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Budgeting and Hierarchical Control

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  • Dilip Mookherjee
  • Stefan Reichelstein

Abstract

This paper develops a model of budgeting in hierarchical organizations. Each agent (manager) in the hierarchy receives a budget for a task; based on his own information, the agent assigns tasks and budgets to his subordinates, who, in turn, do the same for their subordinates and so forth. Each department's performance is measured by the difference between budgeted and actual cost. In this setting we show that a particular budget mechanism is optimal in terms of the incentives it creates and the coordination it achieves.
(This abstract was borrowed from another version of this item.)

Suggested Citation

  • Dilip Mookherjee & Stefan Reichelstein, 1996. "Budgeting and Hierarchical Control," Papers 0071, Boston University - Industry Studies Programme.
  • Handle: RePEc:fth:bostin:0071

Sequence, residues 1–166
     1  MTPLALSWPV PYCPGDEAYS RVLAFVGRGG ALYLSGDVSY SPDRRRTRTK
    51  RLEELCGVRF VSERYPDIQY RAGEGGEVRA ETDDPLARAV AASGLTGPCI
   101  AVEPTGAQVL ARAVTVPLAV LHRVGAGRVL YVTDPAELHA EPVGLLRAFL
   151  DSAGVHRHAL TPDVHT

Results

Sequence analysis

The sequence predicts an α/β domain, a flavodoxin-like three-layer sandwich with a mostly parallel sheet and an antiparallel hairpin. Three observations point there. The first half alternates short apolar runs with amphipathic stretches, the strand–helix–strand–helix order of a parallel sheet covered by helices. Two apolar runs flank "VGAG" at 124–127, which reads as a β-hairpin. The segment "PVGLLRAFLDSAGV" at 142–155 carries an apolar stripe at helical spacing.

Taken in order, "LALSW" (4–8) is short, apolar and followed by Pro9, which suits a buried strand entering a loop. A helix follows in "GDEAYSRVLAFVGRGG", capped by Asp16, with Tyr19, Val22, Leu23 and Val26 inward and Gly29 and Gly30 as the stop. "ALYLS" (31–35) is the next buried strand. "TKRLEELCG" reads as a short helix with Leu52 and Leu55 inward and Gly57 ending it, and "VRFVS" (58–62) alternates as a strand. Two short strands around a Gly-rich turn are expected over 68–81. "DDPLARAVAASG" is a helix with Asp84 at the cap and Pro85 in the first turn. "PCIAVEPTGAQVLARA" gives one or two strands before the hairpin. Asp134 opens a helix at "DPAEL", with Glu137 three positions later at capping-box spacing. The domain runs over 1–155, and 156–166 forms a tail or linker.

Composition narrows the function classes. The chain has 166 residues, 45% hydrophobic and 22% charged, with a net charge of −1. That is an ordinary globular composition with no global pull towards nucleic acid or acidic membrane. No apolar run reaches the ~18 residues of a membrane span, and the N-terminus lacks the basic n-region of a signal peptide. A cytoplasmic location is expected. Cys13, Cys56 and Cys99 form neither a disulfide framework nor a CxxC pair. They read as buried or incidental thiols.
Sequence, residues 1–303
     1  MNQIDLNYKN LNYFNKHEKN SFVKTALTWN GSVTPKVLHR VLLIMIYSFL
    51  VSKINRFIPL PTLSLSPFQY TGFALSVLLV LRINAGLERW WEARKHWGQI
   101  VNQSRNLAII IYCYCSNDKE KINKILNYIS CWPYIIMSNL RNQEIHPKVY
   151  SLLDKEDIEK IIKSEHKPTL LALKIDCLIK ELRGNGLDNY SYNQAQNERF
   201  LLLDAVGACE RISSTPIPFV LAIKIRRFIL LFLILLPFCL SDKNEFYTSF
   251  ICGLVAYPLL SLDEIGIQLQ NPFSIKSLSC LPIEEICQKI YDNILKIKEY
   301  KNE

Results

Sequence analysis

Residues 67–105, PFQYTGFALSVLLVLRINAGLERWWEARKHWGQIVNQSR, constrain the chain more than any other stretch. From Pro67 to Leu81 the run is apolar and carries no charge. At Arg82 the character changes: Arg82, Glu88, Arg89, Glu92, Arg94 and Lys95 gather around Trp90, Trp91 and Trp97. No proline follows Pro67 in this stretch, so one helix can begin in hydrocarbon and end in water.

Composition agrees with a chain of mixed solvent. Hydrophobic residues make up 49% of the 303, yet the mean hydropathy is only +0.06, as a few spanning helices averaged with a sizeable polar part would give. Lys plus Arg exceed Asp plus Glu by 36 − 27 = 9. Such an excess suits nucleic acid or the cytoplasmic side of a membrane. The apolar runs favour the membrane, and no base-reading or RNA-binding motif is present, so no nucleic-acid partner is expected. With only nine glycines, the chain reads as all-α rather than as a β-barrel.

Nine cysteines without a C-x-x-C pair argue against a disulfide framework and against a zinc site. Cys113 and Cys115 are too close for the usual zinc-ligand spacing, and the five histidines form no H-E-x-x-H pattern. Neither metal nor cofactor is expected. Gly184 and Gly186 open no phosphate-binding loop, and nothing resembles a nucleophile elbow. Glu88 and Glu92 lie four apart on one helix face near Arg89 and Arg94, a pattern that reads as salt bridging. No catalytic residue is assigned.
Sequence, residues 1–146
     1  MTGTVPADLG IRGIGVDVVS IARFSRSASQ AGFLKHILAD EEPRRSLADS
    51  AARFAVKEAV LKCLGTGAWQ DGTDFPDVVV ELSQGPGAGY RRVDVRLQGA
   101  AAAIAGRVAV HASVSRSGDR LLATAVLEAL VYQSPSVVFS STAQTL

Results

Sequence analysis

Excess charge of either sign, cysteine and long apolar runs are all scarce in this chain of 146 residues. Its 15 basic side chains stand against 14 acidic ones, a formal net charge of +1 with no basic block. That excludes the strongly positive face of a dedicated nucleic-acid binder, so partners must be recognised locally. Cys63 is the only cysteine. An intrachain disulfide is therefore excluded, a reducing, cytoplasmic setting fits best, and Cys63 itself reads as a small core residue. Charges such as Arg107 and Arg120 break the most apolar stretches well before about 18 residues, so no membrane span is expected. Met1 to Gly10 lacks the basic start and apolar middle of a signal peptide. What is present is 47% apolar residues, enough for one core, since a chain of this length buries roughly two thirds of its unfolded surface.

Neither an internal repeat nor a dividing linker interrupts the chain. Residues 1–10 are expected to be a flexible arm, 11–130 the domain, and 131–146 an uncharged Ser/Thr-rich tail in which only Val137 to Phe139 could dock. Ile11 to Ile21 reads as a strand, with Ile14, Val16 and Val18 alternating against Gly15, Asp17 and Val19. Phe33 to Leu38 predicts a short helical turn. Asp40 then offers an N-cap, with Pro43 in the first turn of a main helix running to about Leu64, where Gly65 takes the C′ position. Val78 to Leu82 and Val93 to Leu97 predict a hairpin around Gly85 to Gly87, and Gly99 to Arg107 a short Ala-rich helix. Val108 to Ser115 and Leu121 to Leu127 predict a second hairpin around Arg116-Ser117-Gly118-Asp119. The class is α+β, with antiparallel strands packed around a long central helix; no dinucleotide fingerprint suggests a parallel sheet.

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    Cited by:

    1. Grüner, Hans Peter, 2007. "Protocol Design and (De-)Centralization," CEPR Discussion Papers 6357, C.E.P.R. Discussion Papers.
    2. Baliga, Sandeep & Sjostrom, Tomas, 1998. "Decentralization and Collusion," Journal of Economic Theory, Elsevier, vol. 83(2), pages 196-232, December.
    3. Hans Peter Grüner & Elisabeth Schulte, 2004. "Speed and Quality of Collective Decision Making: Incentives for," Levine's Bibliography 122247000000000417, UCLA Department of Economics.
    4. Jonathan Treussard, 2005. "Life-Cycle Consumption Plans and Portfolio Policies in a Heath-Jarrow-Morton Economy," Boston University - Department of Economics - Working Papers Series WP2005-033, Boston University - Department of Economics.
    5. Grüner, Hans Peter, 2007. "Information Technology, Efficient Restructuring and the Productivity Puzzle," CEPR Discussion Papers 6109, C.E.P.R. Discussion Papers.

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    More about this item

    JEL classification:

    • G30 - Financial Economics - - Corporate Finance and Governance - - - General
    • G31 - Financial Economics - - Corporate Finance and Governance - - - Capital Budgeting; Fixed Investment and Inventory Studies
    • L10 - Industrial Organization - - Market Structure, Firm Strategy, and Market Performance - - - General

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